I am one of the many that suffer from anxiety. Society today breeds worry – this is a sad truth of the world we live in. I have ‘dealt with’ excessive and utterly useless anxiety for over ten years. During this time, I have taken steps to better cope and improve my life. I have educated myself, gotten a degree in psychology and a diploma in community service work. I regularly partake in ‘self care’ – I get massage therapy, exercise and try to take time for myself whenever possible. A recent series of events sent me into a state of worry worse than ever before. I was in a place of utter despair and was so desperate that I made a decision that I firmly believed I would never make: I decided to get a referral to a psychiatrist. I was exhausted from feeling overwhelmed and was filled with hope that somehow my life could be better with the help of a professional.
I endured a painfully awkward interaction with my GP, in which I attempted to explain the unbearable worry I have been experiencing without crying uncontrollably. Before he could jump to the perfect prescription for my problem (which, may I add, he prescribed in the past and it was an epic failure), I requested to see a psychiatrist. He informed me that the minimum wait time would be one year (what the fuck?!?!), because I “only have anxiety.” I would be put at the bottom of the waiting list after those with acute depression and psychosis. Logically, this makes sense. I was not a threat to myself at that time and those who were should definitely have been prioritized. Regardless, this was a massive slap in the face. Talk about discrediting my experiences and the courage it took to disclose such personal information! I also found it interesting that he almost implied that I simply say that I have depression, although that was not the underlying problem.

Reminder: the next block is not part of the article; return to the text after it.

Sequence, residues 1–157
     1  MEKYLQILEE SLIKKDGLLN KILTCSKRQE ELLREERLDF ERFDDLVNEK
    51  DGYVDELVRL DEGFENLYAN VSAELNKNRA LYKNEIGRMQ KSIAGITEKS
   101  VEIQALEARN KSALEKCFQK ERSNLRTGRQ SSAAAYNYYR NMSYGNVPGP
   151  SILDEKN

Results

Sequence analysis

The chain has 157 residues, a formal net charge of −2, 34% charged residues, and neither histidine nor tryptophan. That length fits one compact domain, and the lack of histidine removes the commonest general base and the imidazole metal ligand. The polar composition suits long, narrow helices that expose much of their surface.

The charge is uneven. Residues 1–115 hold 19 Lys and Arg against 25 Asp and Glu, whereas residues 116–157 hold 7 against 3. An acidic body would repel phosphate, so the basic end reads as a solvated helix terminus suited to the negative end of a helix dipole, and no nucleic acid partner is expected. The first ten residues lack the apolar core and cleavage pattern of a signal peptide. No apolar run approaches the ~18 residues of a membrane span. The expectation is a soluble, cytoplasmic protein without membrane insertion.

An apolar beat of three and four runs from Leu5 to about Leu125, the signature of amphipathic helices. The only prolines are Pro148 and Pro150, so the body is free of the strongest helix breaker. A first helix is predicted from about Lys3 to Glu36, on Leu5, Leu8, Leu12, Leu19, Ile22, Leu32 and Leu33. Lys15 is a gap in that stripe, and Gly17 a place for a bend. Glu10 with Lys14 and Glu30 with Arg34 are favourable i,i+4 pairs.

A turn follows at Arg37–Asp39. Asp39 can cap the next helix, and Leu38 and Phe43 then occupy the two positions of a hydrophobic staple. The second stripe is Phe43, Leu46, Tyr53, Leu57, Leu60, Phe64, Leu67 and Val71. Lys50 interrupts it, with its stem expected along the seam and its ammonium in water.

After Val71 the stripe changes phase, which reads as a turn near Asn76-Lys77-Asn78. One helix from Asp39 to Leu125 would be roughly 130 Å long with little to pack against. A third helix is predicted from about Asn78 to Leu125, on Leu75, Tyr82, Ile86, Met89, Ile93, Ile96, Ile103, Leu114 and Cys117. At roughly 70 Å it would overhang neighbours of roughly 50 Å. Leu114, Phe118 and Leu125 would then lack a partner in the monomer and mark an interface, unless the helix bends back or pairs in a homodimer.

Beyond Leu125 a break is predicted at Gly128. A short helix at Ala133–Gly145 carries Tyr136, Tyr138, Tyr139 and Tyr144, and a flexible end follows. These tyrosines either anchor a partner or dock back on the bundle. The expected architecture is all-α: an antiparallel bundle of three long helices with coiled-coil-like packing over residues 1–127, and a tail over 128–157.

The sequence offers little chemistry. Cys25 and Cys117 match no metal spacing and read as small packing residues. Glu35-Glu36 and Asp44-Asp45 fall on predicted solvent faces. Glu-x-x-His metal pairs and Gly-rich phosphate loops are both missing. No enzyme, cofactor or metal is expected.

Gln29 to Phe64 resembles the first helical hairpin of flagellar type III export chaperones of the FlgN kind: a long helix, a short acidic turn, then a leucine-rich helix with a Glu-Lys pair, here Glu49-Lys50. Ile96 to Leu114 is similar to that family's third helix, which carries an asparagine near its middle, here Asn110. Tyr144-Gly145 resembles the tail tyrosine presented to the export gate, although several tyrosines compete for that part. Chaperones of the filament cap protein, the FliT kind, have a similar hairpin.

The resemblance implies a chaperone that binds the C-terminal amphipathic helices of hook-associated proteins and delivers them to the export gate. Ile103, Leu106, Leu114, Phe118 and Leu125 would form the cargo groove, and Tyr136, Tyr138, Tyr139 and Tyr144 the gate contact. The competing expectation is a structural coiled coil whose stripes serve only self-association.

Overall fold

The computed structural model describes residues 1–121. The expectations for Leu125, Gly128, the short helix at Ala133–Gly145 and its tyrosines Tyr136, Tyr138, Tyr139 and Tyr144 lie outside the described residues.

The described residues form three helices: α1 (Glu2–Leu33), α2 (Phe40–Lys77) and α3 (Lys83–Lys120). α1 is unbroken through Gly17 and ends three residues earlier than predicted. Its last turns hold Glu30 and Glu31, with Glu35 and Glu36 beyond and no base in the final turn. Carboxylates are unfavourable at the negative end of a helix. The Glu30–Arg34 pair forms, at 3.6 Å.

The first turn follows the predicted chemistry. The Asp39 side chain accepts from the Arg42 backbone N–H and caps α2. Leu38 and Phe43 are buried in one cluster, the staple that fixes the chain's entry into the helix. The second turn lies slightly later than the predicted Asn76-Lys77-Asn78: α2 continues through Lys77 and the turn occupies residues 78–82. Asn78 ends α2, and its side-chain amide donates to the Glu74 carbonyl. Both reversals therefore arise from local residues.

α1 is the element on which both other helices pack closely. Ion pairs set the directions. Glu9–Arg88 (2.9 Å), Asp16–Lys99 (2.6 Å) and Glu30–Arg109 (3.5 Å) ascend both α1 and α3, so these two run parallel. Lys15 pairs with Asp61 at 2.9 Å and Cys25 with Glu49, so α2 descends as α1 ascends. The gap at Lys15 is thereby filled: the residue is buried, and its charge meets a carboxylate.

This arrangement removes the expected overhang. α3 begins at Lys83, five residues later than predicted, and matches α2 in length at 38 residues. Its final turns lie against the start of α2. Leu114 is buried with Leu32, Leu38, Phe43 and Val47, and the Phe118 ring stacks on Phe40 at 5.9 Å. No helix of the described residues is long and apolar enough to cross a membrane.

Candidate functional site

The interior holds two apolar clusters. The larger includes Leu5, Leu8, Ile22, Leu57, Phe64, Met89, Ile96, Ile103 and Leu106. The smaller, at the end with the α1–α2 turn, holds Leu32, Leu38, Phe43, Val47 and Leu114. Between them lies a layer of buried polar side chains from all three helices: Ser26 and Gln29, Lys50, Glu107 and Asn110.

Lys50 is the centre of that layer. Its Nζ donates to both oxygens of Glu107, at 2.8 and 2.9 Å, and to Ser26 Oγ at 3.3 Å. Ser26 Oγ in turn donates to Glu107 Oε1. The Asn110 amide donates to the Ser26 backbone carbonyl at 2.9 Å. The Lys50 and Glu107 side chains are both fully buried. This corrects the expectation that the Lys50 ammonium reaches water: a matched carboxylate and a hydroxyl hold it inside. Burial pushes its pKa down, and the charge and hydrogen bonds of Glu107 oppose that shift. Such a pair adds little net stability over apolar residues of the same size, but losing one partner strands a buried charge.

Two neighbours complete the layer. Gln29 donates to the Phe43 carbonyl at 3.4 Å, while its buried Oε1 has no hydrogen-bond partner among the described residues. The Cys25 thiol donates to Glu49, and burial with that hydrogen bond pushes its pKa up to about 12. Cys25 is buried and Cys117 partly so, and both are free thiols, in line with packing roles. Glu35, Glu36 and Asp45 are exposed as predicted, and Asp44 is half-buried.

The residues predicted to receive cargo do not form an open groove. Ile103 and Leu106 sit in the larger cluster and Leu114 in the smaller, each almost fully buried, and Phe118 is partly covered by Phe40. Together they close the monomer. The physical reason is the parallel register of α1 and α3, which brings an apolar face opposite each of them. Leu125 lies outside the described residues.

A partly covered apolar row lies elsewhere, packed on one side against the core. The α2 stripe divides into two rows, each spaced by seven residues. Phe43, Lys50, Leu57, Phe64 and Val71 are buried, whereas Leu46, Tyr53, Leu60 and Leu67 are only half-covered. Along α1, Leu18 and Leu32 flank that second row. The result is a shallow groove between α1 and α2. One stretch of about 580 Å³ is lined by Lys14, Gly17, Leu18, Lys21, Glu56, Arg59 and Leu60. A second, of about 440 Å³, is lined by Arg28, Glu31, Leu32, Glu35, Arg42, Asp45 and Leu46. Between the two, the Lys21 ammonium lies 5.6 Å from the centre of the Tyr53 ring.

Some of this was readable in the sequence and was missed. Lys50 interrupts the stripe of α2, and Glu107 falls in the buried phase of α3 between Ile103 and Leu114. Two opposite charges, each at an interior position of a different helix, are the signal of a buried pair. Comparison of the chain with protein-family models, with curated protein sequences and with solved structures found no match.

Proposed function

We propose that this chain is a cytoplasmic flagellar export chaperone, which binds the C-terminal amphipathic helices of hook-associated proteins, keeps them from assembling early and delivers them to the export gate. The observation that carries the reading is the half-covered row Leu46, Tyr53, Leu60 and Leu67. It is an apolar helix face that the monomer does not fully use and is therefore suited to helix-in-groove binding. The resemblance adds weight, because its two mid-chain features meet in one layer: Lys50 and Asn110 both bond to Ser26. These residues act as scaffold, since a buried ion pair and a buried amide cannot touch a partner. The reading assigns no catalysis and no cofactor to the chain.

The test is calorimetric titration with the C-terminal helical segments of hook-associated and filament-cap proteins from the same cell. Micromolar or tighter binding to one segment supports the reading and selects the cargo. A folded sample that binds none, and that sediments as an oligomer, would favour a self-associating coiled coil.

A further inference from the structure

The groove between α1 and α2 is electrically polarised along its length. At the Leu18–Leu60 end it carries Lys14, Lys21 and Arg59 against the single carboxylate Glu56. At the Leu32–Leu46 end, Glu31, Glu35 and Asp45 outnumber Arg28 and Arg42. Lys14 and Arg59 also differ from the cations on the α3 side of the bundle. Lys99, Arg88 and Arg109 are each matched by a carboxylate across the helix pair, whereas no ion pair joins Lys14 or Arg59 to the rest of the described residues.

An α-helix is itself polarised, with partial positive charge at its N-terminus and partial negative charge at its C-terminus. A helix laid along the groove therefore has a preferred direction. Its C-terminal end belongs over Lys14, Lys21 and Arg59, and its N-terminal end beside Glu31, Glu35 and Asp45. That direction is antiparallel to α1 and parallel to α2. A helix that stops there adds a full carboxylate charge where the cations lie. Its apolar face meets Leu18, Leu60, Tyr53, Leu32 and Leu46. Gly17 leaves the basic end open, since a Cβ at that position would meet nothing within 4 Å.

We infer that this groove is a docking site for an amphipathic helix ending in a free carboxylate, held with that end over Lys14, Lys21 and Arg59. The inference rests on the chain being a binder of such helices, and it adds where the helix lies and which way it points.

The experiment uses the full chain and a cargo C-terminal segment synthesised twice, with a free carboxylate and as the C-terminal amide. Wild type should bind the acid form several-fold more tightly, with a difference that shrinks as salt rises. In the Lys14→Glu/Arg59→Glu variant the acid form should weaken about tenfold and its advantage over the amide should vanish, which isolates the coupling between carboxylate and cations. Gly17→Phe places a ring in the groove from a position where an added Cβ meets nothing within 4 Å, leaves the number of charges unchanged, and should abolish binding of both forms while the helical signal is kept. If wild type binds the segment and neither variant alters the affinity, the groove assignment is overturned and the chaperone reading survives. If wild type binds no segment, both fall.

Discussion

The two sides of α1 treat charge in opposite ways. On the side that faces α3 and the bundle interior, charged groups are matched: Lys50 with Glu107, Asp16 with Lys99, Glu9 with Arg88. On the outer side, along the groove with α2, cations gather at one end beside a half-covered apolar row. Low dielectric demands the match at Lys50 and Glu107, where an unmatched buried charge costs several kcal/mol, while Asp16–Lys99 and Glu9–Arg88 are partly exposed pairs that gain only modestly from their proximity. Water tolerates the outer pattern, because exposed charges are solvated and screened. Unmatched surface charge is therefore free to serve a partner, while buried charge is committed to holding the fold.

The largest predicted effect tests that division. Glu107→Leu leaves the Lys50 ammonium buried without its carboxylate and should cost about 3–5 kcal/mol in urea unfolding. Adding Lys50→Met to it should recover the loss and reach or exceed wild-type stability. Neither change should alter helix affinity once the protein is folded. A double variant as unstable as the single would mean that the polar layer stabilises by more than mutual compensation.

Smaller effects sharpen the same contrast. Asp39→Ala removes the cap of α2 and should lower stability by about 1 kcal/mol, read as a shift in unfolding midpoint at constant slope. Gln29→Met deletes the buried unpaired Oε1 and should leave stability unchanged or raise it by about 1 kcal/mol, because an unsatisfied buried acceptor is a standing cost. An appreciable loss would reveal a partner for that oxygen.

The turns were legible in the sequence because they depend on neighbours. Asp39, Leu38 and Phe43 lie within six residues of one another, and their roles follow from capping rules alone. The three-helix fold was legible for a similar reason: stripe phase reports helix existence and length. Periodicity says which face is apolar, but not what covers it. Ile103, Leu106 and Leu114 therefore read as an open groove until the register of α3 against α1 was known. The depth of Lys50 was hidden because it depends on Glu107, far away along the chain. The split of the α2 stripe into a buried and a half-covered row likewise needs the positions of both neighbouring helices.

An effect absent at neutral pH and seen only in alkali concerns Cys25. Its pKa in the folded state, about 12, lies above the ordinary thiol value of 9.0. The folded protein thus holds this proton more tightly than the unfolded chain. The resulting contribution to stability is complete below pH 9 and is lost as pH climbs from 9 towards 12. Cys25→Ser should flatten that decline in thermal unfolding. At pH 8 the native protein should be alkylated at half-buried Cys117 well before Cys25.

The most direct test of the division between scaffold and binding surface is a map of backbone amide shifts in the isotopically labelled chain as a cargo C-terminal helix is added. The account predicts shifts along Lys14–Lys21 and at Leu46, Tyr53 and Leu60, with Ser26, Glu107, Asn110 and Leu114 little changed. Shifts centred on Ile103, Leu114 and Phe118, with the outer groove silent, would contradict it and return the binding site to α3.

Naturally, he then took the perfect opportunity to suggest that I try a drug, without a psychiatric assessment. I agreed, simply because it seemed to be my only option. Because I have taken benzos previously without any success of anxiety reduction, I proposed trying an SSRI. These are typically used to treat depression, but I have read that they often help to reduce anxiety as well. When I began explaining this reasoning to my doctor and discussing the research I had done, it became very apparent that he had no idea how SSRI’s work. He had no background knowledge of the drug whatsoever. In fact, he made the bold statement that “no one knows how they work.” SSRI’s are Selective Serotonin Reuptake Inhibitors. The name itself states how the drug works. It prevents Serotonin from being reabsorbed, so that it stays in your synapse longer, making you feel happier. Pretty simple, right? My mind was torn after I heard this statement. A part of me wanted to laugh hysterically, a part of me was sad and a part of me was terrified that this man can prescribe drugs that he knows nothing about. AND I have wait a year to see someone who has some comprehension of what they are prescribing and risk that comes with it. So, impulsively, I say “Sure, I’ll try one.” How much harm could it do?